More digital study material and class content, more and better trained teachers, more activities and more sex-ed are some of the things students told legislators during a committee hearing Friday that they need in the public schools.
The discussion was based on a report the Youth Agenda for Policy Action created at the Close Up Foundation’s USVI Islands Youth Policy Summit in December. Sixty one high school students from throughout the territory gathered at the Windward Passage Hotel to discuss issues affecting teens and the community, and to develop a youth policy action agenda at the summit, the fifth of its kind in the USVI. The students split into committees to tackle different topics and several students reported to the Legislature Friday on their committee’s concerns and proposals.
"Every student in the room had a horror story relating to either being unable to take a class because their was no teacher available, taking a class being taught by a teacher who was not certified to teach it, or being dealt unwarranted disrespect from their teacher," Ivanna Eudora Kean High School student Raven Phillips said.
She said the students thought it good that schools had recruited teachers from Haiti and the Philippines, but felt much more needs to be done. She called on the Legislature to create a teacher support fund to increase teacher salaries, pay for testing and for ongoing education for teachers.
In a similar vein, Ajani Gordon of St. Croix Educational Complex urged legislators to find funding for more electronic devices like iPads or computers.
"Investing into electronic devices can replace textbooks used in classrooms and will make a profit because the government wouldn’t need much money to purchase textbooks every year. This money can go towards repairs or new additions to school buildings and staff. Much of the textbooks are old and students don’t take much care of them," Gordon said.
Sen. Marvin Blyden asked Phillips what schools should do when there is no qualified teacher for a mandatory class.
"My school used to offer Plato, but we got rid of that program just this year," Phillips said. She said the program, which offers online educational materials, curriculum and testing, "should be available." It had been offered to students for classes who wanted to take a class but did not have space in their schedule, she said.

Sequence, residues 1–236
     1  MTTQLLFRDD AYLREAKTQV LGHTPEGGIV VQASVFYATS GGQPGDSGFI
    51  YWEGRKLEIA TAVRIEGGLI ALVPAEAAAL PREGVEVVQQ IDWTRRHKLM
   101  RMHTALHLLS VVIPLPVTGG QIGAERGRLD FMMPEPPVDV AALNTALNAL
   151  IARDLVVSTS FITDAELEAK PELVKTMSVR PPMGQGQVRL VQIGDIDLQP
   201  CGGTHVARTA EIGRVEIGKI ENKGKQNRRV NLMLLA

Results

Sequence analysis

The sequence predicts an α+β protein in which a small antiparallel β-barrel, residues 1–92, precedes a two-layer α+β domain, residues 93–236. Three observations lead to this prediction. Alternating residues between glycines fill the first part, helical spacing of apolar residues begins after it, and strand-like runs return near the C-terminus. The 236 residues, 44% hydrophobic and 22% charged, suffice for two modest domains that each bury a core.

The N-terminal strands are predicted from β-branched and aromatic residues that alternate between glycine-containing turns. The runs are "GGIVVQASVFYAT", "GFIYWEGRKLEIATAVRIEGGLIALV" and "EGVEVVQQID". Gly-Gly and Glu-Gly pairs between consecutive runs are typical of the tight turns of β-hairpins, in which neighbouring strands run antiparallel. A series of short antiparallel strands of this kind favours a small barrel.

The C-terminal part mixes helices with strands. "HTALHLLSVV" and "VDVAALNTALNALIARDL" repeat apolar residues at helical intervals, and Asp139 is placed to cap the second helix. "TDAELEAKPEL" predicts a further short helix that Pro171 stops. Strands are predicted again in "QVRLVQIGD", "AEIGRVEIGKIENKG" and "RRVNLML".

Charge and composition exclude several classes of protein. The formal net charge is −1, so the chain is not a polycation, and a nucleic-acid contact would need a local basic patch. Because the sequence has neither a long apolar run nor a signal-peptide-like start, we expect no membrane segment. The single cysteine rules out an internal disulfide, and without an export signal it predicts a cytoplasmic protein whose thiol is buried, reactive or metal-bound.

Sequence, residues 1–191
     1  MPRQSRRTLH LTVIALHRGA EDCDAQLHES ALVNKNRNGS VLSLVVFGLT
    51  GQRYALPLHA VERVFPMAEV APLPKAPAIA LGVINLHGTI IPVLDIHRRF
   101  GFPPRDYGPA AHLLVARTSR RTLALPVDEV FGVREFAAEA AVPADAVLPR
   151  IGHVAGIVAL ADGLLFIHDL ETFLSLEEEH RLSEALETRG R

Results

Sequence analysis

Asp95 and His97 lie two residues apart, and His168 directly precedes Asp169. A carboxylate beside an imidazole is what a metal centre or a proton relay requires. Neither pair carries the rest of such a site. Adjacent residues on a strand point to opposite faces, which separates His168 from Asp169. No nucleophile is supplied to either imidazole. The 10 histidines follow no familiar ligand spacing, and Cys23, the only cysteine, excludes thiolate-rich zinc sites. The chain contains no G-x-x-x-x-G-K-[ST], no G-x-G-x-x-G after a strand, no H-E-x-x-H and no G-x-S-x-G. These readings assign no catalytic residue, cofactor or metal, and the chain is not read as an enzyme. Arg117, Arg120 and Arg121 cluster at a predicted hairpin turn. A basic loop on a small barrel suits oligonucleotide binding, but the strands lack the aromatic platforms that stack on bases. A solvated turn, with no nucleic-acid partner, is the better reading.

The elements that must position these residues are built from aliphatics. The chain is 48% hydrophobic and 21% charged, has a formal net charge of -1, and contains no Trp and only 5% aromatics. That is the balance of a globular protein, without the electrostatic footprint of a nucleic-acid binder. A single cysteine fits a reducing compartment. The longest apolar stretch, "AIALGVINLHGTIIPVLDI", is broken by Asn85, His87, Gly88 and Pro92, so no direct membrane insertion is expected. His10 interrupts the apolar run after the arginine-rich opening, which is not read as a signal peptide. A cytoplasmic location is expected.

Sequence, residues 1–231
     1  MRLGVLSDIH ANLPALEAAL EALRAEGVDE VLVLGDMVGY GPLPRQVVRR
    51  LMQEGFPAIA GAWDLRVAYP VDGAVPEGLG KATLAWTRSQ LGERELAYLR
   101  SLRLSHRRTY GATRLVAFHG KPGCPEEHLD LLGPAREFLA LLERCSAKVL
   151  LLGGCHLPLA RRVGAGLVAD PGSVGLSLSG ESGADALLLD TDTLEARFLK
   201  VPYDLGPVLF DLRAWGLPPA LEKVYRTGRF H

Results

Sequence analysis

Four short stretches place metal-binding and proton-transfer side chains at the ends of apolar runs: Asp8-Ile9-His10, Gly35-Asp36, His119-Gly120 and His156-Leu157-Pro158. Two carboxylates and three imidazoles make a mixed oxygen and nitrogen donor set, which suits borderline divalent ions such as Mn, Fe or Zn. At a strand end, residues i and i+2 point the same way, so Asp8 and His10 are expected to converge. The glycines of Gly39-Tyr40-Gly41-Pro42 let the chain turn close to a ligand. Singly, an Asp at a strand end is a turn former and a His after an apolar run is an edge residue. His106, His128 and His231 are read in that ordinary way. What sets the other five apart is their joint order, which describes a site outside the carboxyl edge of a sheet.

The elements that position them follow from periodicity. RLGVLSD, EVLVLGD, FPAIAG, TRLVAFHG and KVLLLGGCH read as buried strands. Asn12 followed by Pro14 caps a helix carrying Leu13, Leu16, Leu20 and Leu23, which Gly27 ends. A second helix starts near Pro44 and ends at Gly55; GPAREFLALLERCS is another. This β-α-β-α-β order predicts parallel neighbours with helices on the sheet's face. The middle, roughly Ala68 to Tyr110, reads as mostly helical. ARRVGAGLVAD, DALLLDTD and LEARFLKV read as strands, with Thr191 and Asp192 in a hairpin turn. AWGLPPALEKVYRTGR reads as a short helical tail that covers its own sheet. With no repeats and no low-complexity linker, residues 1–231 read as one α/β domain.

Blyden asked what schools were doing in relation to anti-gang education.
"Personally, I believe little to nothing is being done,"Charlotte Amalie High School student Isiah Smith said. Before and after school and during lunch, "there are groups that cluster and loiter in gangs in the school … and something should be done to keep them productive," he said.
The students also discussed road repair, improving public lighting to cut down on crime, increasing the availability of comprehensive sex education in the schools and an array of other legislative priorities they and their fellow students identified at the summit in December.
Later, the Committee on Culture, Historic Preservation, Youth and Recreation took testimony from various officials and business operators on the visitor and resident experience at Coki Beach, Smith Bay and Magens Bay.
“The issue that I have is the lack of stewardship by our government,” Sen. Myron Jackson, the committee chair, said. He said he would hold another hearing in 30 days and wanted the government agencies to return "with a plan of action of how you plan to improve the quality of life and the experience for both visitors and residents alike.”